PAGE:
Floodwaters receding but human tragedy continues (Roundup)

June 20th, 2008 - 9:55 pm ICT by IANS  

New Delhi, June 20 (IANS) Swirling floodwaters that have wreaked havoc across much of eastern India have begun receding but the human tragedy continues with thousands of people remaining marooned and without access to food and water. Nineteen people have so far perished in the floods in West Bengal alone, where nearly 200,000 people have been rendered homeless.

The situation is equally grim in neighbouring Orissa, where thousands of people continued to suffer without food and shelter in the northern parts of the state, even as the water level in rivers declined and no rainfall was reported in the 24 hours to Friday evening.

“Nineteen people - fourteen from West and five from East Midnapore - died in the floods till Friday evening. Two people from East Midnapore are missing,” West Bengal Inspector General of Police (Law and Order) Raj Kanojia told IANS in Kolkata.

Concerned over the flood situation, Chief Minister Buddhadeb Bhattacharjee arrived in Kolkaghat in East Midnapore and held a high-level meeting with district officials to review the situation.

Later, the chief minister said 15 blocks in East Midnapore including Patashpur, Bhagabanpur-I, Bhagabanpur-II and Egra and West Midnapore’s Sabong, Pingla and Narayangarh were still inundated rendering thousands homeless.

West Midnapore District Magistrate N.S. Nigam said Keleghai and Subarnarekha rivers were still flowing above the danger mark, though the water levels in both rivers have started to recede.

“Water has started receding from the flood-prone areas. If there are no more rains, then the situation may improve,” Nigam added.

He said 200,000 people have been rescued and sheltered in 822 relief camps in the district.

Indian Air Force (IAF) helicopters have dropped 11 tonnes of rice at Patashpur in East Midnapore and Narayangarh, Sabang and Belda of West Midnapore till Friday noon, a defence ministry spokesman said.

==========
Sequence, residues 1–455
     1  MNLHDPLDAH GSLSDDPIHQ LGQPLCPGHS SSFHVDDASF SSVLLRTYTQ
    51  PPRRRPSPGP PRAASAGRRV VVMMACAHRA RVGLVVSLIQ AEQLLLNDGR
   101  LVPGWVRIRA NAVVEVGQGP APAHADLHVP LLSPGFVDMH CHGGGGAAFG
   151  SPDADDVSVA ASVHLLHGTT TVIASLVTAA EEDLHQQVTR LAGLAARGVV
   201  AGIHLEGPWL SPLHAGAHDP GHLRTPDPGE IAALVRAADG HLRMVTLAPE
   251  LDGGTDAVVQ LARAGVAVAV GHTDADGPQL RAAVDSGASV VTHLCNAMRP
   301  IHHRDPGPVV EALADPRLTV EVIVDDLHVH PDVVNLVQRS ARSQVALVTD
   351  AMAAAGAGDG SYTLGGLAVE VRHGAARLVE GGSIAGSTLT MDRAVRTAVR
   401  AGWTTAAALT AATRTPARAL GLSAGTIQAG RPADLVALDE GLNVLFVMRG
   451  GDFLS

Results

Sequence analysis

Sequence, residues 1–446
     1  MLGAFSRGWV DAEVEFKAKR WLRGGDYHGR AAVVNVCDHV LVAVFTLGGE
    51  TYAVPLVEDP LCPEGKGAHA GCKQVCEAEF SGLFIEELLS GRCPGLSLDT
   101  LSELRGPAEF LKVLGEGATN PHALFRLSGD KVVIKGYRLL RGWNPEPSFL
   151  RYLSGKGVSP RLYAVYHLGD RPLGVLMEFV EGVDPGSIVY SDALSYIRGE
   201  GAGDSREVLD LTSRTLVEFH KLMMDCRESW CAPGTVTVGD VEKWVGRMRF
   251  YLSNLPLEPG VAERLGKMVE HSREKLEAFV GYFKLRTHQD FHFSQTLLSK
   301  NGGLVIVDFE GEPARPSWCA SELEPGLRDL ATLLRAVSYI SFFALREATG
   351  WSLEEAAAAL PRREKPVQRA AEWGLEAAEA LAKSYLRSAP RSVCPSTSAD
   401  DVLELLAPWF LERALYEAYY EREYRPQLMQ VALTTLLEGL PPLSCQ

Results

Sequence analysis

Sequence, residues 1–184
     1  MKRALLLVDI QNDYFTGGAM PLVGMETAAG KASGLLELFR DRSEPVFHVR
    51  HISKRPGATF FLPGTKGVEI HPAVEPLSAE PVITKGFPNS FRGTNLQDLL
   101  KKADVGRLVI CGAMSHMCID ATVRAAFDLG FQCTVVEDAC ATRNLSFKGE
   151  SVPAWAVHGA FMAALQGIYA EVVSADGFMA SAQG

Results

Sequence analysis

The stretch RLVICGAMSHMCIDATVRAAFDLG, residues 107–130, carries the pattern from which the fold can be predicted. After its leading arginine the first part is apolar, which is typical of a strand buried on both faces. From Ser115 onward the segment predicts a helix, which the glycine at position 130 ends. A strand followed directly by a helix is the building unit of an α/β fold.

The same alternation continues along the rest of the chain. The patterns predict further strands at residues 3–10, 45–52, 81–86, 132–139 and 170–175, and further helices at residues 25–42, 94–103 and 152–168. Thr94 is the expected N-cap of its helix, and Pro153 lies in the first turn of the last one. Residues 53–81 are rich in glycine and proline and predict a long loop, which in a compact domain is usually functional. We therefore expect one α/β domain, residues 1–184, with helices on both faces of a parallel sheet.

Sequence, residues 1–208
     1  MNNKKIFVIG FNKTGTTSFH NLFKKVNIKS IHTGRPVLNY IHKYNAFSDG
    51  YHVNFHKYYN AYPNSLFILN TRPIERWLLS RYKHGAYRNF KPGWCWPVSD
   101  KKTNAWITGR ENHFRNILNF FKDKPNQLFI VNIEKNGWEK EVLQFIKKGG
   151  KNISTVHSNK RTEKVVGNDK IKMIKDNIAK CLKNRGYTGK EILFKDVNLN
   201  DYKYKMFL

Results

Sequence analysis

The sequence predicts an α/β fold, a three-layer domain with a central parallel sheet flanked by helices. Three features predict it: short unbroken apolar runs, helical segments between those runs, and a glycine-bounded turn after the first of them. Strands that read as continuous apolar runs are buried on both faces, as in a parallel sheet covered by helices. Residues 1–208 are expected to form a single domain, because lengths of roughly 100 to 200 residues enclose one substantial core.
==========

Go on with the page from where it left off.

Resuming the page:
Finance Minister Asim Dasgupta said a total of Rs.170 million has been sanctioned as relief by the state government so far.

South Eastern railway officials said long distance trains from Kharagpur to Bhadrak in Orissa will take 10 days to resume.

“The Kharagpur to Bhadrak train line is damaged due to flood to an extent that it will take another 10 days to resume services. However, four long-distance trains — from West Bengal to Puri, Chennai, Bangalore and Secunderabad — will run via diverted routes,” a senior railway official said.

In Orissa, the water level in the three major rivers - Subarnarekha, Budhabalanga and Baitarani - that triggered floods in north Orissa came down Friday, “but they are still flowing above danger level,” Durgesh Nandini Sahu, officer on special duty in the revenue control room in capital Bhubaneswar, told IANS.

The floods have affected about one million people of northern Orissa, submerging thousands of acres of land, disrupting electricity supplies and affecting road and train services.

Balasore is one of the worst hit districts with 800,000 people affected and hundreds of villages still inaccessible.

“Water has started receding but the main problem we are still facing is the damage to roads,” said Kulamani Mishra, a revenue official engaged in relief operation in Balasore district.

An IAF helicopter air-dropped relief material to the people Thursday and Friday.

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